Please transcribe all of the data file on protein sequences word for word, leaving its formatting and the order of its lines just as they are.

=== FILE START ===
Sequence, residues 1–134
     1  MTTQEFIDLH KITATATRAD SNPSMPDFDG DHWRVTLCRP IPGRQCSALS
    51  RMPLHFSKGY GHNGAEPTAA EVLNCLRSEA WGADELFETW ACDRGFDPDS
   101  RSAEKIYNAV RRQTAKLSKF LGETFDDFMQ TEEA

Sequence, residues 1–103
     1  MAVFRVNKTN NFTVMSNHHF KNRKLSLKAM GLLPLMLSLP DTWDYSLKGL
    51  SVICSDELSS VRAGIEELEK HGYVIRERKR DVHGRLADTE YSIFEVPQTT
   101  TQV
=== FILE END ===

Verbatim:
Sequence, residues 1–134
     1  MTTQEFIDLH KITATATRAD SNPSMPDFDG DHWRVTLCRP IPGRQCSALS
    51  RMPLHFSKGY GHNGAEPTAA EVLNCLRSEA WGADELFETW ACDRGFDPDS
   101  RSAEKIYNAV RRQTAKLSKF LGETFDDFMQ TEEA

Sequence, residues 1–103
     1  MAVFRVNKTN NFTVMSNHHF KNRKLSLKAM GLLPLMLSLP DTWDYSLKGL
    51  SVICSDELSS VRAGIEELEK HGYVIRERKR DVHGRLADTE YSIFEVPQTT
   101  TQV